There is an upcoming Fusion 360 online class covering these and similar concepts, sign up today!
First, Fusion 360 allows one to "extrude" a 2D square into the third dimension to create a 3D cube. The extrusion extends outward at right angles to the length and width dimensions thus extending the 2D CAD drawing into the third dimension which in turn allows it to then be 3D printed or milled by a CNC machine.
Fusion 360 features like "extrude" and "revolve" applied to 2D shapes are extremely useful but they perform a very specific function and can be somewhat constrained in how they add the third dimension to your digital design. For example, the extrude feature can only extend the height of a singular outline, the outline does not and cannot change throughout the change of height so even though that feature is extremely powerful, it is limited in that particular way.
If you are looking to expand your creativity and want to connect two (or more) totally different outlines and create a smooth surface between them, you'll need to use the "loft" feature. The loft feature allows you to transition from one outline to a totally different outline and Fusion 360 extrapolates the resulting surface to connect the two. You can access the loft feature by clicking the "S" key to pull up the search box then type in loft and clicking or by clicking create in the top menu bar then selecting loft.
The challenge becomes, how do I tell fusion what sketch to start from and which to end at? Furthermore, how do I draw sketches at different heights, this is where the Construction offset planes come in to play. Offset planes are a sub element of Construction objects and although they appear on screen, they do not show up as active objects in the design. They are simply there as guides to help you place other objects in space and are passive in nature.
For Construction Planes, you can designate a new plane in the workspace that is offset from another plane by a certain distance, in our case height. So If I have a sketch of a circle and I wanted to extend a loft to a sketch of a triangle 30 mm above it, I could create a construction plane, solely for the use of creating and placing the new sketch of the target shape.
The workflow looks like the following:
- Create you first sketch
- Choose any plane to sketch upon
- Place a circle on the sketch
- Click finish sketch
- click "Construct" then "Offset plane" in the top toolbar
- type S to pull up search window, type in "offset", select offset plane
- click on the original sketch plane with the circle on it or the circle itself, you should see it highlight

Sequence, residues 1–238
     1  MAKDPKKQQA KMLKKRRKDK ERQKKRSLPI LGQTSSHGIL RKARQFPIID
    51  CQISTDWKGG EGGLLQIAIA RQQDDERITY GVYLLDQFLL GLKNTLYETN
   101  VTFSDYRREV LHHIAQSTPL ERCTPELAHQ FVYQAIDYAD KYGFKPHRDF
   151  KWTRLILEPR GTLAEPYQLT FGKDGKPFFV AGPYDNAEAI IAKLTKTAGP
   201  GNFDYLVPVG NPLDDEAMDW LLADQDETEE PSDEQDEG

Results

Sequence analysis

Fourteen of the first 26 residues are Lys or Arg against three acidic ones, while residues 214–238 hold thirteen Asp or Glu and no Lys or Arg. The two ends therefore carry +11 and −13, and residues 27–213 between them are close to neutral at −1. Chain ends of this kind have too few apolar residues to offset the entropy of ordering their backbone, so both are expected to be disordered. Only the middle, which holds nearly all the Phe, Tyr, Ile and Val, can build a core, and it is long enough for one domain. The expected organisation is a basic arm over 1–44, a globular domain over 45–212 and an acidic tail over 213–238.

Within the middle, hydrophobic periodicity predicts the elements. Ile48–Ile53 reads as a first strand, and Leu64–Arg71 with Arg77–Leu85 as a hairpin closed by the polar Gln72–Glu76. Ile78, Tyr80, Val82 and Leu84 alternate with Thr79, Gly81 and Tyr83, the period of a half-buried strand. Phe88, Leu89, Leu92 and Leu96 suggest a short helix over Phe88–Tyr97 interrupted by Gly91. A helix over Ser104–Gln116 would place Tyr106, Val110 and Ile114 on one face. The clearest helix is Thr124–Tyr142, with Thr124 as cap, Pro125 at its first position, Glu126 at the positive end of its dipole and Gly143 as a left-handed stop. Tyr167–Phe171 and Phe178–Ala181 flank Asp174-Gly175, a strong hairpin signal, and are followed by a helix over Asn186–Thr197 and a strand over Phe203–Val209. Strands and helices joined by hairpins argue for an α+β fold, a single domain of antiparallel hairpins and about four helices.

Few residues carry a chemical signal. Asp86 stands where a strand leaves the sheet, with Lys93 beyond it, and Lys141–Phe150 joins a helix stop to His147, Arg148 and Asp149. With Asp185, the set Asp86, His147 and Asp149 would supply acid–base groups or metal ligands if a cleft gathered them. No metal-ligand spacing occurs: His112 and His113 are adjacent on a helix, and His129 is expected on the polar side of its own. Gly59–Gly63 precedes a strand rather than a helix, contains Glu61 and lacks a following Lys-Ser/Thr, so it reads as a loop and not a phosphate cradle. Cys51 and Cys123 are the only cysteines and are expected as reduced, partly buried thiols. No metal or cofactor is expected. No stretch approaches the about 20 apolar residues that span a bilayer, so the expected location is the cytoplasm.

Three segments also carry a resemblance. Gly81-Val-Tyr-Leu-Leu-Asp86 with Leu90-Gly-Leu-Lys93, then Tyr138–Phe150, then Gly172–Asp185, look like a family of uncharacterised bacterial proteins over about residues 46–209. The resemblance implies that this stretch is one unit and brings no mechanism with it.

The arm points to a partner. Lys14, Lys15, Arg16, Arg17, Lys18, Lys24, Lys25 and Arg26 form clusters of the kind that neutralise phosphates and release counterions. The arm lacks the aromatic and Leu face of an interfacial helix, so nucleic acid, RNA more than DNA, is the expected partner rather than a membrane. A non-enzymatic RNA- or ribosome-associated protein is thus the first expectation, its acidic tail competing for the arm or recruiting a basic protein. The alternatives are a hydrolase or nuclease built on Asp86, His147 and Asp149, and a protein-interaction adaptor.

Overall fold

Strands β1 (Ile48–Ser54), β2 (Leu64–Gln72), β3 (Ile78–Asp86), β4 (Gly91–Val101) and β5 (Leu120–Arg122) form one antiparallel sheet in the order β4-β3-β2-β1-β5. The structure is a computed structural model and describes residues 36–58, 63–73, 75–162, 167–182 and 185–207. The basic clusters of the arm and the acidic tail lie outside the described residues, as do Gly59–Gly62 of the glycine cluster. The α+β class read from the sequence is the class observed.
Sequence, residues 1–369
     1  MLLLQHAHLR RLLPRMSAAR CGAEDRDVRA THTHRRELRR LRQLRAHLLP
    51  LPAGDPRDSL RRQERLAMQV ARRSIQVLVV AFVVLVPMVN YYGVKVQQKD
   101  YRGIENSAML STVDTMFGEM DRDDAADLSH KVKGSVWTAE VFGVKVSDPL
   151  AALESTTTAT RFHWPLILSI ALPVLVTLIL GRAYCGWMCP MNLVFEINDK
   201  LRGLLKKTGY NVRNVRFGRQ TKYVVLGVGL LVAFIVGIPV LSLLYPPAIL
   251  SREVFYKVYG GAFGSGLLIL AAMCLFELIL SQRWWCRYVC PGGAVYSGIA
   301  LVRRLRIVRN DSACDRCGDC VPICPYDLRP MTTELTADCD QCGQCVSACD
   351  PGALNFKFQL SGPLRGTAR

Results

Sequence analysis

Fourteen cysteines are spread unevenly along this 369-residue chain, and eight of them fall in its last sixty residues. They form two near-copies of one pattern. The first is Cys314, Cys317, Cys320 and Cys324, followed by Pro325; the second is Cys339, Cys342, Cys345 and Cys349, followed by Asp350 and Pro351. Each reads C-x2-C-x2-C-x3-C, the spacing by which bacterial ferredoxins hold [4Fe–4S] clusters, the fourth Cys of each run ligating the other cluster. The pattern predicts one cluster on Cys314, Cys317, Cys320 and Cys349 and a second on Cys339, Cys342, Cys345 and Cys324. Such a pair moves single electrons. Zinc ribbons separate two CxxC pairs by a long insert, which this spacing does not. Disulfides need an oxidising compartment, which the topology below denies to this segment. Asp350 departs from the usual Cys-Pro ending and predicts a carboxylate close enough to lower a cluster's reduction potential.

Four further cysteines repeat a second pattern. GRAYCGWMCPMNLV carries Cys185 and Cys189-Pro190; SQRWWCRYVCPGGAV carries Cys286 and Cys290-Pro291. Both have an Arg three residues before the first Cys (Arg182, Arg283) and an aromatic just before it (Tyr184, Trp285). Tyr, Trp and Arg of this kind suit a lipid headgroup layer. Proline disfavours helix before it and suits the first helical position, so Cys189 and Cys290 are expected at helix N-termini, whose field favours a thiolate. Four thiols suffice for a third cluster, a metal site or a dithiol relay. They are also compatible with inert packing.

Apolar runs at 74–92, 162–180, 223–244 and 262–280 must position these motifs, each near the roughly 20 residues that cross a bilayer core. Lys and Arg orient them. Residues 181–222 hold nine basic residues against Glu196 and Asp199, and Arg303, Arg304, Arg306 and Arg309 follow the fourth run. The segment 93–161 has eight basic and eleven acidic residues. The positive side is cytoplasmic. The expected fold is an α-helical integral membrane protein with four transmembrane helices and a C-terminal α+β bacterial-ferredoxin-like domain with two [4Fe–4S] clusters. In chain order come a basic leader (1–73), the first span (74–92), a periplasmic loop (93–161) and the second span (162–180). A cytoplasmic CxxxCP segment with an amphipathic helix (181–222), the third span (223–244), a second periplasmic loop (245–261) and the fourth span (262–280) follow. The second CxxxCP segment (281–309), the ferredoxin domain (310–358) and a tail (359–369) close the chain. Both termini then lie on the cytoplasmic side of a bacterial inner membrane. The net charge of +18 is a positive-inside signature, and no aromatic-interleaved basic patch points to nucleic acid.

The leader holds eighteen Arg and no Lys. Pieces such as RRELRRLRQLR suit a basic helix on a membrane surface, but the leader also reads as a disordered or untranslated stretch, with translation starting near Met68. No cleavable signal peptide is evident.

- Pull to the arrow to set the desired height OR enter the height numerically, 30mm for this example, click enter to confirm
- click create sketch
- click on the newly created offset construction plane as the sketch surface
- draw a triangle
- click finish sketch
At this point you should have two shapes on the screen, the lower circle and the upper triangle. Assuming you have clicked the finish sketch button, type "s" for the search window and enter loft in the search field. Click the loft command OR alternatively you can click on the create menu item from the top tool bar and choose loft. It will then prompt you to select the sketches to extend the loft between..
To see the final loft,
- click the circle to select as the sketch as origin
- click the triangle to select sketch as destination
- you should see a preview of the new body that is created
- make tweaks as needed, click OK to accept the new body
The result should be a new body that smoothly transitions from one shape to the other. Experiment to see how changes to the sketches and loft attributes change the body.
Jump on the Hackerlab Discord and let us know if this worked for you. Did you successfully use the feature; show us your work and tell us about anything else you've learned.
P.S. There is an upcoming Fusion 360 online class covering these and similar concepts, sign up today.
About Curtis Soldano:
Curtis Soldano is a long time technologist, tinkerer and maker who wants to share his excitement for using cool tech to make cool stuff. He has been with Hacker Lab since before the establishment of the mid-town location and has volunteered his time on many occasions to help grow Hacker Lab by providing elbow grease and skilled electrical maintenance and installations. Curtis’ educational foundation is in Digital Electronics and separately he attained his California State Electrical Contractor license in 2004 after apprenticing for his father in the family business for many years. Curtis’ also worked for over 20 years as producer for top tier tech and entertainment companies like EA, Disney, Atari, Playdom, E*TRADE, GSN and Sega.